Carol Beechy, Interviewed by Amanda Belli November 9, 2016
Dr. Carol Beechy is a doctor with a large health organization in New York. Dr. Beechy was born in Wooster, Ohio in 1948. In 1977, she moved to Cooperstown, New York. She specialized in primary care and on palliative care. In this clip Dr. Beechy discusses sexism and changes in the medical field.
Interviewer: Can you tell me a little bit about your thoughts or feelings about being passed over for those male doctors?
Carol Beechy: You always wonder is it something that you yourself, you know, not related to being a female, or was it primarily that I was female. And I think I was always a little slow on the uptake. And more likely to blame myself rather than see what was clear. It made me pretty angry, not only for me but for some of my colleagues. What was acceptable for men was not acceptable for women. Particularly in terms of being assertive. I would say that’s better now, but it’s still periodically an issue. So, you know, I think there’s still a fair amount of sexism in medicine. You had asked earlier if being a lesbian was an issue. When I came back in the 70s, I was semi-closeted. Particularly at the hospital. But that didn’t last long. I had sort of made the decision it wasn’t worth it and that if there were people who didn’t like it, it was their problem. And it did not seem as much of an issue as being female. Now it may have been, but people didn’t talk about it. But, it did take a number of years before they started covering my partner’s health insurance. And that happened before we were able to get legally married. What happened I think was there were clearly enough of us that if they wanted to be able to hire good people, whether it was surgeons, nurses, whatever, that they needed to do that. But that probably didn’t start until ten to fifteen years ago.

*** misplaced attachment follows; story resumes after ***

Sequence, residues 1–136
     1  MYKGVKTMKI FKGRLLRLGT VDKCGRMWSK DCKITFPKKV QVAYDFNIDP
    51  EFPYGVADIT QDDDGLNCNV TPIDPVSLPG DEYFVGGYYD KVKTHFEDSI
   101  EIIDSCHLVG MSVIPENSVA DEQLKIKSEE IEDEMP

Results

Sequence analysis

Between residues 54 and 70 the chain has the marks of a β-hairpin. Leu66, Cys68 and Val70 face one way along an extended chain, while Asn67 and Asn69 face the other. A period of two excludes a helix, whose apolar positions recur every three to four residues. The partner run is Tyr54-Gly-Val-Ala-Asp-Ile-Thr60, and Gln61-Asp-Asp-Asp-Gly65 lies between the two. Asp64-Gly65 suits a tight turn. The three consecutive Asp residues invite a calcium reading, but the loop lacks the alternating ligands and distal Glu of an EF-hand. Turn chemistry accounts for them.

Source: New York Heritage Digital Collections, Utica College- Center for Historical Research. Link: https://cdm16694.contentdm.oclc.org/digital/collection/p16694coll58/id/15274/rec/68